In our effort to find the most effective layout, we use many different pieces of the design puzzle to draw and keep the attention of the viewer. No matter how much software we use, or how many bells and whistles we apply to our design, in the end even the simplest sign must be readable and pleasing to the eye.
One of the most useful tools for avoiding monotony is the simple procedure of varying the line value of our letter styles. (This is also called weight.) Value is the relative lightness or darkness of a font. Similarly we can control a message by combining line weight with contrasting colors.
- A sign in which all the wording has the same weight is actually very difficult to read because the eye does not know where to focus first.
- As the line values are varied we can draw attention and direct it to any part of our layout and make any layout more readable.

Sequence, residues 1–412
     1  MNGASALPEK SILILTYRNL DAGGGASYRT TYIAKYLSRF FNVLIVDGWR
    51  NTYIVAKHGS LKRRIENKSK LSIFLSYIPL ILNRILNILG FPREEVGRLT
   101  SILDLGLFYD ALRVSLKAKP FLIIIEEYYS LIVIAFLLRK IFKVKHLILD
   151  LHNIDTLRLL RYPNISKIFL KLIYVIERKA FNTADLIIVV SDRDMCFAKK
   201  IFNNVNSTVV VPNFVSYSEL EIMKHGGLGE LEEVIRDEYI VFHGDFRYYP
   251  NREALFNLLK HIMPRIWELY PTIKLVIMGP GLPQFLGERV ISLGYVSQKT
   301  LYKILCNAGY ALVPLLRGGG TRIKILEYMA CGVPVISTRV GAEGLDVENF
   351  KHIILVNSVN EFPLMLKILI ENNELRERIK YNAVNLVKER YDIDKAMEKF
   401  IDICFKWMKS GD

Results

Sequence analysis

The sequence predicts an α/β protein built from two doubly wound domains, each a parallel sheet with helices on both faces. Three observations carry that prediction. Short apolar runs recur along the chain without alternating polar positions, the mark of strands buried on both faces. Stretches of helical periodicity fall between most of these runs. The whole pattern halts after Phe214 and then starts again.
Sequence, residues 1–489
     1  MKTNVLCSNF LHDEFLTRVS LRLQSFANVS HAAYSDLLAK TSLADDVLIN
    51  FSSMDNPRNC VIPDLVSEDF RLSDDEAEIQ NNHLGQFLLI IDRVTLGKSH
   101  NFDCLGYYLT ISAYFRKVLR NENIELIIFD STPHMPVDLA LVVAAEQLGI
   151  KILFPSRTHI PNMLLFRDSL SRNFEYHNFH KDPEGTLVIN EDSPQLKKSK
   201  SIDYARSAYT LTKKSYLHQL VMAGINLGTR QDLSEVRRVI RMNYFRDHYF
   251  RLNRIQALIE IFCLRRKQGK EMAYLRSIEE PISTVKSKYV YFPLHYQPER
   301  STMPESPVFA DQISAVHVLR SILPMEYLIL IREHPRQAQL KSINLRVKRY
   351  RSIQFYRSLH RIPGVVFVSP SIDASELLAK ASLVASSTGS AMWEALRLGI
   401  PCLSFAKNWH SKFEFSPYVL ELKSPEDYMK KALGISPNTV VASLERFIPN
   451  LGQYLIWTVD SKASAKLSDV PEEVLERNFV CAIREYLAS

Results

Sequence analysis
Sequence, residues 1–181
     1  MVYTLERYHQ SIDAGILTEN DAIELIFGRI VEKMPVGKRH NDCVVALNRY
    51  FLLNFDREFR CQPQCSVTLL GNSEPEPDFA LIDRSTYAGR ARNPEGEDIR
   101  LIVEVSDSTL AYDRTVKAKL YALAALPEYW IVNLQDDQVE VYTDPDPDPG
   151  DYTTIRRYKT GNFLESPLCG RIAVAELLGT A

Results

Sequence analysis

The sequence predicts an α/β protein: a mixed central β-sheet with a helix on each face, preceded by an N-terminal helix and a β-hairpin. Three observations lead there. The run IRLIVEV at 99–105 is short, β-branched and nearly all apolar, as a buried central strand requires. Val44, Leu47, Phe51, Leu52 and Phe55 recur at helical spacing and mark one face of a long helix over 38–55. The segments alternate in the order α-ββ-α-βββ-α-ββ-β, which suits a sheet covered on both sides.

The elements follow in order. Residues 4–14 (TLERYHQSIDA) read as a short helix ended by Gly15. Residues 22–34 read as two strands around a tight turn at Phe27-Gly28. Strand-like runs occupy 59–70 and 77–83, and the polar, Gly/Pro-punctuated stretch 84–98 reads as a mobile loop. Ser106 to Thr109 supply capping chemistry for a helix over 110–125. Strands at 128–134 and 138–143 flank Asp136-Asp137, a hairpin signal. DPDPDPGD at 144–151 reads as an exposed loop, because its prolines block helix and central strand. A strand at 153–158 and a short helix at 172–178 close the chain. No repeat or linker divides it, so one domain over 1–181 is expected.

- By arranging our copy properly and using varying weights of fonts, you can produce a layout that has a foreground, a middle ground, and a background.
- By using a basic font like Helvetica in a range of line weights, and using ample negative space, you can direct the eye and still allow a layout to breathe.
- By placing the darkest color value against the lightest color value we can draw the viewer's attention to our priority copy immediately. The less important copy receives less contrast in color value.